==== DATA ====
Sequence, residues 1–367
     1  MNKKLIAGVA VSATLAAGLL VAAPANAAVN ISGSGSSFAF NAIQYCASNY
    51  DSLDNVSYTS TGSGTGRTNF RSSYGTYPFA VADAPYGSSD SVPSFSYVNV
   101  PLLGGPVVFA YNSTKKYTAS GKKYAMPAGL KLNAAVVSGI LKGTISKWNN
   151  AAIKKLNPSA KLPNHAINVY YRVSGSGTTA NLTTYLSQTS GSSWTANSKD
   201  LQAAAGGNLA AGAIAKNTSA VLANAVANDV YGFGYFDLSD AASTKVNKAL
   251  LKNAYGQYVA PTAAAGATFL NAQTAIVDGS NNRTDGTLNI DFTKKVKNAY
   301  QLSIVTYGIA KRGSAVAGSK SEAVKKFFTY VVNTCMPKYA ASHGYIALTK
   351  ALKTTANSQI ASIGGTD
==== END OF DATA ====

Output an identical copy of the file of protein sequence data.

Sequence, residues 1–367
     1  MNKKLIAGVA VSATLAAGLL VAAPANAAVN ISGSGSSFAF NAIQYCASNY
    51  DSLDNVSYTS TGSGTGRTNF RSSYGTYPFA VADAPYGSSD SVPSFSYVNV
   101  PLLGGPVVFA YNSTKKYTAS GKKYAMPAGL KLNAAVVSGI LKGTISKWNN
   151  AAIKKLNPSA KLPNHAINVY YRVSGSGTTA NLTTYLSQTS GSSWTANSKD
   201  LQAAAGGNLA AGAIAKNTSA VLANAVANDV YGFGYFDLSD AASTKVNKAL
   251  LKNAYGQYVA PTAAAGATFL NAQTAIVDGS NNRTDGTLNI DFTKKVKNAY
   301  QLSIVTYGIA KRGSAVAGSK SEAVKKFFTY VVNTCMPKYA ASHGYIALTK
   351  ALKTTANSQI ASIGGTD